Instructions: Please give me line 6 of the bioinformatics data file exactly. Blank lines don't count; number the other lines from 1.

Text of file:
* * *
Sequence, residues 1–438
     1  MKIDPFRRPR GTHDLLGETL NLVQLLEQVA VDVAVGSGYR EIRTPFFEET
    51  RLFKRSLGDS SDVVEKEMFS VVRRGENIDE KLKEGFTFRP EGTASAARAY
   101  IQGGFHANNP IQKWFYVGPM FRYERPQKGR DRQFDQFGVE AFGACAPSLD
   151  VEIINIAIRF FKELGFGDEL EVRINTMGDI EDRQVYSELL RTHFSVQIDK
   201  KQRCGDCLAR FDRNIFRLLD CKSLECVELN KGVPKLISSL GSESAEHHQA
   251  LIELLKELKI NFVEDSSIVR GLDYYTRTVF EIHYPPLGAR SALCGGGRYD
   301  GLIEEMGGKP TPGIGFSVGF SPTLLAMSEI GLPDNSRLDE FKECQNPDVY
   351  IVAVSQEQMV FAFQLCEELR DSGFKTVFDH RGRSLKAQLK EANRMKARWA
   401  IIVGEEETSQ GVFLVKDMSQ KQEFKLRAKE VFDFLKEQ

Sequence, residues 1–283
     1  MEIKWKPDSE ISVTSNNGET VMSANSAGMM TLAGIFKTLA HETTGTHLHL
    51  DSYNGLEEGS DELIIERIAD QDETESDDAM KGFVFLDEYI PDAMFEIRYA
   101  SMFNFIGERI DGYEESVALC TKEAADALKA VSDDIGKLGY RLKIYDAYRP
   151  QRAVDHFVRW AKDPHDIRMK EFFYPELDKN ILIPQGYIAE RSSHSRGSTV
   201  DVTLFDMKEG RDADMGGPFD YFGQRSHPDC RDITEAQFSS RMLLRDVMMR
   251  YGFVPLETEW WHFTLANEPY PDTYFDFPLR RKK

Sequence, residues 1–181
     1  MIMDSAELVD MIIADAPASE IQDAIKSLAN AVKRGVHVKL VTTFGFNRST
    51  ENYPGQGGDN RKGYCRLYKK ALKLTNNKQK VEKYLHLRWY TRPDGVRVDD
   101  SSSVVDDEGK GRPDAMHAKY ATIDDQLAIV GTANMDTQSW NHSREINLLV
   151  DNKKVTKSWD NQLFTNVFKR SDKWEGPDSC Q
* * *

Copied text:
   201  KQRCGDCLAR FDRNIFRLLD CKSLECVELN KGVPKLISSL GSESAEHHQA